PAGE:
The objects were not picked up by the air crews, which were forced to turn back as darkness fell. Ships, which are not subject the restriction on daylight, are en route to the last known location. Some forty ships continued searching through the night. Roughly thirty aircraft will begin again in the morning.
A screen shot of the two stolen passports, with sequential ticket numbers They were both to connect to KL 898 together. Thanks to Steven Frischling for forwarding these.
According to Reuters, the possibility of foul play mounted as the Malaysian Transport Minister said authorities were checking the identities of two other passengers in addition to the the two men who were already know to be flying on stolen Austrian and Italian passports. “All four names are with me…We are looking at all possibilities. We cannot jump the gun. Our focus is now to find the plane”, said Malaysian Transport and Defense Minister Hishamuddin Hussein. He reiterated the news that the FBI had been called in to assist, after which authorities then retracted back to just two stolen passports.
Of course, the big question remains as to how the passengers carrying the stolen passports cleared airline check-in, immigration, customs, and boarding. The Malaysian government has access to biometric e-passport technology combining an RFID chip, digital photo, and fingerprint identification, and was the first country in the world to deploy it back in 1998. The technology was invented in Malaysia. It’s unclear why it wasn’t deployed here.
Still in a press conference, Malaysia’s Inspector-General and Police Chief Khalid Abu Baker indicated that though they continue to consider the possibility a terrorist act bought down the lane, they don’t necessarily consider it the most likely cause it went missing – yet.
In a new release from Malaysia Airlines said it is “fearing for the worst”, and had dispatched a “discovery management recovery specialist from Atlanta along with 94 caregivers consisting of well-trained staff and also Tzu Chi Foundation members to provide emotional support to the families. The airline will also be deploying another set of caregivers to Beijing later today.”
Family members of the MH370 passengers from Beijing who wish to travel will be flown in stages to Kuala Lumpur on the available flights. We are also communicating with the families from other nations to similarly arrange for their travel to Kuala Lumpur.
In the event flight MH370 is located, a Response Control Centre (RCC) in the area will be activated to support the needs of families.
We will continue with updates here as they happen and on our social media outlets.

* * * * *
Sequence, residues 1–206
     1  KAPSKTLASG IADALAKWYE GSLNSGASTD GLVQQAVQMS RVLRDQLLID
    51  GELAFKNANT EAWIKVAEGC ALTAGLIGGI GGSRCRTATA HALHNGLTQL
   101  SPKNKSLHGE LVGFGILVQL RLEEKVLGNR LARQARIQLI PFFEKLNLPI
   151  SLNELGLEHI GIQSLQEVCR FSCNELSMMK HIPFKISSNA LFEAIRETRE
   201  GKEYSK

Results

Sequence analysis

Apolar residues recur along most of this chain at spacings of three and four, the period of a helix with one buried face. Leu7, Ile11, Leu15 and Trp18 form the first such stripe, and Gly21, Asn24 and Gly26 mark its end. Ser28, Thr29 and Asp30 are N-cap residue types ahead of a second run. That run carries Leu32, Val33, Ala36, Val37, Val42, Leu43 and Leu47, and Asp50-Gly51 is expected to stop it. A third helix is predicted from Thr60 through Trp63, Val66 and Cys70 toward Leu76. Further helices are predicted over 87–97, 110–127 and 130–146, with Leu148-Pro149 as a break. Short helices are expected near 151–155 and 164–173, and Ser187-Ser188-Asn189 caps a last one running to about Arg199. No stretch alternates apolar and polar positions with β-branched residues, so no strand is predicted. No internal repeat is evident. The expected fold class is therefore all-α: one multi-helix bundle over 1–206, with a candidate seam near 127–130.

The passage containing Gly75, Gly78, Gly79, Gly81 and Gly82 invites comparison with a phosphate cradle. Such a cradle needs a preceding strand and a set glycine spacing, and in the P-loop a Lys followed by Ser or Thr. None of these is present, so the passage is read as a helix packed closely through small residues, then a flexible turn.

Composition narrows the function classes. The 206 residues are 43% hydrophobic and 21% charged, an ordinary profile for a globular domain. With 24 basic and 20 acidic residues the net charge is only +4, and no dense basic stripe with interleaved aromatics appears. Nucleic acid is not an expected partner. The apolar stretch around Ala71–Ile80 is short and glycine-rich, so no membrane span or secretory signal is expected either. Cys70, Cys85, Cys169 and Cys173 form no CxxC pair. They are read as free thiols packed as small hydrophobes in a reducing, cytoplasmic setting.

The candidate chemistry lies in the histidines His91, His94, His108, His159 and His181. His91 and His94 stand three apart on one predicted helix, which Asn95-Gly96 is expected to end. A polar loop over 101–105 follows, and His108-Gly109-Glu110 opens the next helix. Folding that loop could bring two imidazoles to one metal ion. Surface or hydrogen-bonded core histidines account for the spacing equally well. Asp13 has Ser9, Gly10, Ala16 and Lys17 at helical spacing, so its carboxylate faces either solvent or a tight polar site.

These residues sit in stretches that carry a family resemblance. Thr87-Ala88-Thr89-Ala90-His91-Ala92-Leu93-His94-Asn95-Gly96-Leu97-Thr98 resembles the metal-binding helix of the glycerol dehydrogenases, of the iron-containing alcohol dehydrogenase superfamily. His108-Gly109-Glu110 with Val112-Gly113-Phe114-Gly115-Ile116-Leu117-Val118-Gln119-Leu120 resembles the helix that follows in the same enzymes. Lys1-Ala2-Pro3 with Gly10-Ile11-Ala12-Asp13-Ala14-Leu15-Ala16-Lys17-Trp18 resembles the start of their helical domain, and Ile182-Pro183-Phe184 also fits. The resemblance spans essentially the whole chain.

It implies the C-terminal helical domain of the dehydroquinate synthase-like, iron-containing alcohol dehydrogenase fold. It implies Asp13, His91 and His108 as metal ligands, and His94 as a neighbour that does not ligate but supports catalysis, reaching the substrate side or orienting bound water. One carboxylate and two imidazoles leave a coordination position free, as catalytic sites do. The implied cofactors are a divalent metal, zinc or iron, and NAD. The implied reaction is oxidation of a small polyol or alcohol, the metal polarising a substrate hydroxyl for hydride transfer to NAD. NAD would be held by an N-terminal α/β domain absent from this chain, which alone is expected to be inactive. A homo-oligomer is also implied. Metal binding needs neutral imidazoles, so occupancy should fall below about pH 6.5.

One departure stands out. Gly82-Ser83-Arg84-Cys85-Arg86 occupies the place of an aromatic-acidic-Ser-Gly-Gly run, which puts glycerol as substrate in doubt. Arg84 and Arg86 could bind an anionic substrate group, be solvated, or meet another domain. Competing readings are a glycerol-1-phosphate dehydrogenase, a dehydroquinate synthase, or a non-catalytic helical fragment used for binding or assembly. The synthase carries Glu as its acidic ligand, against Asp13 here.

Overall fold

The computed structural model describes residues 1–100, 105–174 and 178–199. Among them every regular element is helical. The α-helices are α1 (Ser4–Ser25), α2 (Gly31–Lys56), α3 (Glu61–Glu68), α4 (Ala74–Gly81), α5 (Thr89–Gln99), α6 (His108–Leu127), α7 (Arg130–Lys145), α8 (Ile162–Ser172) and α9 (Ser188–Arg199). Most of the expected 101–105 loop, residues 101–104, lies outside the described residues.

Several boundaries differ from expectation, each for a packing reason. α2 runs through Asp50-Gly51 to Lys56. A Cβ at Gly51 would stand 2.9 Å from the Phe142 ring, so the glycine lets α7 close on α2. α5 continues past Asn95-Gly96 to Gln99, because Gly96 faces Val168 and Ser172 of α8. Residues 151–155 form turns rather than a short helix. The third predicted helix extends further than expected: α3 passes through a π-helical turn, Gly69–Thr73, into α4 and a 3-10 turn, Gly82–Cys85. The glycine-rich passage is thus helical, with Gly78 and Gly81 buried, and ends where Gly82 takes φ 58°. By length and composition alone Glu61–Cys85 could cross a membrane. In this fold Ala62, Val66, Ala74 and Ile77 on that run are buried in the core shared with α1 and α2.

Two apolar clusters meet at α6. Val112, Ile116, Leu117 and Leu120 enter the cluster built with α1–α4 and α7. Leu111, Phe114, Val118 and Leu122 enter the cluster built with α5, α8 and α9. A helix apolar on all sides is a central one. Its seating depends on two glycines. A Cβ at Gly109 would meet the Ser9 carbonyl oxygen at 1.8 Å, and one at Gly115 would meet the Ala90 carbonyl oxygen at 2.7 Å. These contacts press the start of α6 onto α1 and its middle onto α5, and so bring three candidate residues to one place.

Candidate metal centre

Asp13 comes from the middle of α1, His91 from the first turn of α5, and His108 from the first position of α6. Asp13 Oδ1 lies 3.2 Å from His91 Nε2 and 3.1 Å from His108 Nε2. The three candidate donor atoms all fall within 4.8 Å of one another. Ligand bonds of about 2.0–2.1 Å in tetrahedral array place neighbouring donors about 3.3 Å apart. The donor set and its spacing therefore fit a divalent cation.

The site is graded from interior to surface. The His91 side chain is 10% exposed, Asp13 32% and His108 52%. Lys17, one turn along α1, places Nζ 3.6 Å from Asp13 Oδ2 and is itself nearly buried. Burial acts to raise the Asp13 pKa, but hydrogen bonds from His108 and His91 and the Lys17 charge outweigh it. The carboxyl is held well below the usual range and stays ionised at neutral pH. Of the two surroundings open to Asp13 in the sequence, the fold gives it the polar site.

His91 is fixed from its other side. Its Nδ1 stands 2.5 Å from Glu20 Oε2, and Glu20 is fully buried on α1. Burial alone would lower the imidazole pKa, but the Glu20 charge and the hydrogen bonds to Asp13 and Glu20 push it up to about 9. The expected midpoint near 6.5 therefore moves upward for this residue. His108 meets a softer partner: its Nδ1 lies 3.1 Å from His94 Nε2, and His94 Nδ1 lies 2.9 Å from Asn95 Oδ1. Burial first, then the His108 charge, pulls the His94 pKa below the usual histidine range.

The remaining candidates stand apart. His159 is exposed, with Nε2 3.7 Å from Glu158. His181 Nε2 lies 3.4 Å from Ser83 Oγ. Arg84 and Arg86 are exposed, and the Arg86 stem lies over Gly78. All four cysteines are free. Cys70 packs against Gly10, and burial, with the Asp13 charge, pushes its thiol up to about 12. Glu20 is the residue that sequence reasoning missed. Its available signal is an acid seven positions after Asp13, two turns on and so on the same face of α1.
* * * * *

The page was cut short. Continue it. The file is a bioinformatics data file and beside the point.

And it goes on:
UPDATE 0430EDT Sunday:
Another press conference was held, and MAS has confirmed that two passports did not belong to two of the passengers on MH370.
The stolen passports were linked to two tickets that were purchased at the same time, and the ticket numbers only differ by one number (one ends with 99 and the next ends with 00). @flyingwithfish reports that two passengers who used the stolen passports were flying: KUL-PEK-CPH and KUL-PEK-FRA.
UPDATE 0245EDT Sunday:
China’s XH News is reporting that Chinese rescue forces have reached the suspected site of the missing aircraft.
UPDATE 0050EST Sunday:
Officials are investigating the identities of four passengers that were believed to have been on MH370, and the FBI will send specialists to Kuala Lumpur to assist with the investigation.
It is believed that at least two passengers were travelling on stolen passports.
Military radar indicates that the missing Boeing 777 jet turned back before vanishing, Malaysia’s air force chief said Sunday.
22 aircraft and 40 ships are part of the search and rescue team.
MAS says there are no plans to ground the 777 fleet.
The next press conference is scheduled for 3 AM EST/ 12 AM PST.
UPDATE 2020EST Saturday:
A Malaysian official says that search crews seated all night. There has been no trace of the aircraft, and the search area is being expanded.
Another press conference is expected in two two hours.
UPDATE 1915EST Saturday:
According to the LA Times, the FBI is deploying agents and technical experts to assist in the investigation of MAS 370. The agency will join the investigation as four Americans were on board the flight.
U.S. officials said they are working to determine if this was an act of terrorism, but have said n no evidence thus far that leads them to believe this.
UPDATE 1815EST Saturday:
As of 1815EST, there have been no major updates to the search and rescue mission of MAS 370. Approximately 24 hours after contact was lost with the airplane, MAS issued a press release, highlights from which are found below:
Sepang, 9 March 2014: Malaysia Airlines humbly asks all Malaysians and people around the world to pray for flight MH370.
Immediate families of passengers are advised to gather at Kuala Lumpur International Airport. Travel arrangements and expenses will be borne by Malaysia Airlines. Once, the whereabouts of the aircraft is determined, Malaysia Airlines will fly members of the family to the location.
Our sole priority now is to provide all assistance to the families of the passengers and our staff. We are also working closely with the concerned authorities in the search and rescue operation.
We expect more details at the next press conference which is scheduled for 9AM local time Sunday morning.
UPDATE 1600EST Saturday:
The Gulf of Thailand averages approximately 150 feet deep (45 meters), with the deepest point at approximately 250 feet (80 meters). It appears the search for MAS 370 should be easier than searching for Air France 447. (Hat tip Robert Mann)
Map of Gulf of Thailand Courtesy of WorldAtlas.com
UPDATE 1335EST Saturday:
Moments ago, another press conference was held by MAS. The carrier has confirmed that authorities are still searching for the aircraft by sea, though air searching will not resume until Sunday morning.